The victim of venomous reviews at the Toronto International
Film Festival, Hector and the Search for
Happiness deserves a break. It’s a sweet, un-cynical fable with a lovely
performance by Simon Pegg, a perfectly-cast everyman who runs a rich emotional
gamut over the course of the story. Based on a French novel, Hector is the story of a childlike man
who’s never really grown up, even though he works in a very grown-up
profession, namely psychiatry. Bored with his patients in London and
increasingly aware that his relationship with his devoted girlfriend (Rosamund
Pike) is stagnant, he decides to take a trip around the world to learn what
makes people happy.
Director/co-screenwriter Peter Chelsom uses animation and clever
graphic devices to add a whimsical note to the narrative as Hector travels to
China, Tibet, Africa, and Los Angeles, encountering all sorts of people and
naively asking even the worst of them what makes them happy. He may be
unworldly (to put it mildly) but he isn’t stupid, and he uses his wits to get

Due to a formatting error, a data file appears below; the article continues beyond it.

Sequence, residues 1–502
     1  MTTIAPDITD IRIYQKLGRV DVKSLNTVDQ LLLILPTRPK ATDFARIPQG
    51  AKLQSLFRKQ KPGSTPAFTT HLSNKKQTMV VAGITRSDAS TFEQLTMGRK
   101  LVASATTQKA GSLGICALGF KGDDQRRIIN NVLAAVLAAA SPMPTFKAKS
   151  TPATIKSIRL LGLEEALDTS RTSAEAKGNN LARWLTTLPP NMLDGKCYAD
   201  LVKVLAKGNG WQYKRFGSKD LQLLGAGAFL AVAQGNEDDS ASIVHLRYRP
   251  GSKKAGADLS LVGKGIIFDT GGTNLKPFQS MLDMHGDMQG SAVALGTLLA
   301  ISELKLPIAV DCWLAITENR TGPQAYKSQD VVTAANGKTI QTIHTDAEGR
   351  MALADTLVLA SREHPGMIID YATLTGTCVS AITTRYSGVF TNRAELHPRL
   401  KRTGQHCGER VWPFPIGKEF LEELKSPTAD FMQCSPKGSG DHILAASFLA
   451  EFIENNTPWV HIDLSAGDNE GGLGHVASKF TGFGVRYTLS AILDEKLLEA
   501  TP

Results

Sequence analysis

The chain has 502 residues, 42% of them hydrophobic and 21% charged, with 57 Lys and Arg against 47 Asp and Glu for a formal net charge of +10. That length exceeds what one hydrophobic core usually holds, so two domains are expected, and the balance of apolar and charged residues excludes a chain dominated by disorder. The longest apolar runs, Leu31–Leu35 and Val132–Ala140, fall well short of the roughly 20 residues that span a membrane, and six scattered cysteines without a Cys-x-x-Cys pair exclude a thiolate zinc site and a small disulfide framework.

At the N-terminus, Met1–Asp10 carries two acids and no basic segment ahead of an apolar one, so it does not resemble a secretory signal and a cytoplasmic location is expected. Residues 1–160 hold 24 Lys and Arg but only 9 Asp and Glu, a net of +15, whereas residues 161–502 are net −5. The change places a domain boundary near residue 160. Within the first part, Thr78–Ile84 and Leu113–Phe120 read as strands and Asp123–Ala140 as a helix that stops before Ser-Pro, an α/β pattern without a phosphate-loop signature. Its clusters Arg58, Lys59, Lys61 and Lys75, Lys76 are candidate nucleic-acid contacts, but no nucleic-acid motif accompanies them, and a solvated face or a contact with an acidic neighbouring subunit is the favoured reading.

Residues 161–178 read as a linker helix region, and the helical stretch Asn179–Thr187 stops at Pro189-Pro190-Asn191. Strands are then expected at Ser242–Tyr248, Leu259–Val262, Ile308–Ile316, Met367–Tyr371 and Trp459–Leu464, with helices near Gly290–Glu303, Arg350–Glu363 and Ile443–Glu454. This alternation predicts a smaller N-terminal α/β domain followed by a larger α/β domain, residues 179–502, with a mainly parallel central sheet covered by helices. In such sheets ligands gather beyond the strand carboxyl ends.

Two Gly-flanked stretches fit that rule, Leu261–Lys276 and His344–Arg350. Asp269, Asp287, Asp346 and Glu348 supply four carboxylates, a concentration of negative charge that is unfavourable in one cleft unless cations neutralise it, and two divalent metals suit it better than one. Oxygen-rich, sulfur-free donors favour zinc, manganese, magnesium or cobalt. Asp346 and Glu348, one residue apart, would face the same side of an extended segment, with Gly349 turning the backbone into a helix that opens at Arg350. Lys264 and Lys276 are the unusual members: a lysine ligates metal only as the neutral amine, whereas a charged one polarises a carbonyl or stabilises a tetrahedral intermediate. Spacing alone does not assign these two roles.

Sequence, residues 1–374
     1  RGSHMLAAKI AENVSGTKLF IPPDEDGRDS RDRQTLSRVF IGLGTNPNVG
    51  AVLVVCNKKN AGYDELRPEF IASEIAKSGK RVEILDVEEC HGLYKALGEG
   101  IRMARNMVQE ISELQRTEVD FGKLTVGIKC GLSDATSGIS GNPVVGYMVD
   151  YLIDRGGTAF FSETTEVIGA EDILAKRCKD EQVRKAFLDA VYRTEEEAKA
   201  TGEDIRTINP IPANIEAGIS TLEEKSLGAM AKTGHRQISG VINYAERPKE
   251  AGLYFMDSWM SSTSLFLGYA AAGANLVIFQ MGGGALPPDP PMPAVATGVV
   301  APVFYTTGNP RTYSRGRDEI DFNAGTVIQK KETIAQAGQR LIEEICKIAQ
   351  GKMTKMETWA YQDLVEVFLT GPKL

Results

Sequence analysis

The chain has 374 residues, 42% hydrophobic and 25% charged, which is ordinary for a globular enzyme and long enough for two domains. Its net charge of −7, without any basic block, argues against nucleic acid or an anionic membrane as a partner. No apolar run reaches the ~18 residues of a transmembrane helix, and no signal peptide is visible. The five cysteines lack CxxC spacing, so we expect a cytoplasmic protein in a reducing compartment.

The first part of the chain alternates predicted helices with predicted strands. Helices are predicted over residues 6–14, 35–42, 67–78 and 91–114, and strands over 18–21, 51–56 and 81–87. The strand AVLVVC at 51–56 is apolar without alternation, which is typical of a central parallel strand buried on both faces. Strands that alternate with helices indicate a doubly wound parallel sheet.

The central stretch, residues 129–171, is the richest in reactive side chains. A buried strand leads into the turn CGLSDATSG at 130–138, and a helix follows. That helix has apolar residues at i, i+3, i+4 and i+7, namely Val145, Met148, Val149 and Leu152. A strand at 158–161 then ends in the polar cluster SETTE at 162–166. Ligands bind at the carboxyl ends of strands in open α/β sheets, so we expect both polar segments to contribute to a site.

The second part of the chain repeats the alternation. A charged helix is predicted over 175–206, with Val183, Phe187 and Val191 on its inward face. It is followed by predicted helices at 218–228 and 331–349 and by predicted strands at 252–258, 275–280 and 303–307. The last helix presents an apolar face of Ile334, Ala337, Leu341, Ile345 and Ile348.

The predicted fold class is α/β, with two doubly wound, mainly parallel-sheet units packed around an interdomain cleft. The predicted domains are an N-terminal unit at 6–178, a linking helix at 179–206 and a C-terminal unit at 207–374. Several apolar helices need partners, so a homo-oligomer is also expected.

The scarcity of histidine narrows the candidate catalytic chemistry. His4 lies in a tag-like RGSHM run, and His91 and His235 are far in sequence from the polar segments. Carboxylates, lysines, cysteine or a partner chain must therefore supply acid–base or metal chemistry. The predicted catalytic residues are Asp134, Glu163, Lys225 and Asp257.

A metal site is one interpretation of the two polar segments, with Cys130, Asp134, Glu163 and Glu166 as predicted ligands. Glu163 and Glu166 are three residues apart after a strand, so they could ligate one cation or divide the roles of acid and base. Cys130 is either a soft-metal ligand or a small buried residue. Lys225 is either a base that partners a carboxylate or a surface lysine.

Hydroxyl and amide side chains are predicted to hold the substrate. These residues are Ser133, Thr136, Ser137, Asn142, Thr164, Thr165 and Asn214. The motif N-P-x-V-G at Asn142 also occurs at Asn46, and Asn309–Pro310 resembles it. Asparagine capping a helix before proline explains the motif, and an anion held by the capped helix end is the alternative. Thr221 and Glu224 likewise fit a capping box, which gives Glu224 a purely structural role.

himself out of several dangerous jams. He also manages to spread a little of
his childlike sense of wonder to some of the jaded, even sordid, men he meets.
You can call this simplistic if you like, but I found myself
caught up in the spirit of the film, which is not meant to be taken literally.
The characters played by Stellan Skarsgård (a wealthy man who takes Hector out
for a good time in Shanghai), Jean Reno (a scummy drug dealer in Africa),
Christopher Plummer (a professor researching emotions in the human brain), and
Barry Atsma (a selfless doctor working in Africa) are archetypes and intended
as such. Only Toni Collette’s character feels shallow and underwritten: she’s
an old girlfriend of Hector’s that he never properly pursued and maintains as a
fantasy in his memory book.
Pegg pulls off the considerable feat of making Hector a
believable character, in the context of this fable. By the end of his eventful
journey, when his emotions pour out uncontrollably, we can feel his pain as
well as his catharsis.
Well shot by German cinematographer Kolja Brandt on a
variety of locations around the globe, Hector
also features a colorful score by Dan Mangan and Jesse Zubot. I’ve long admired
director Peter Chelsom’s early work (Hear
My Song, The Mighty, Funny Bones) and welcome his return to personal
filmmaking. I only hope audiences take the opportunity to discover Hector and the Search for Happiness.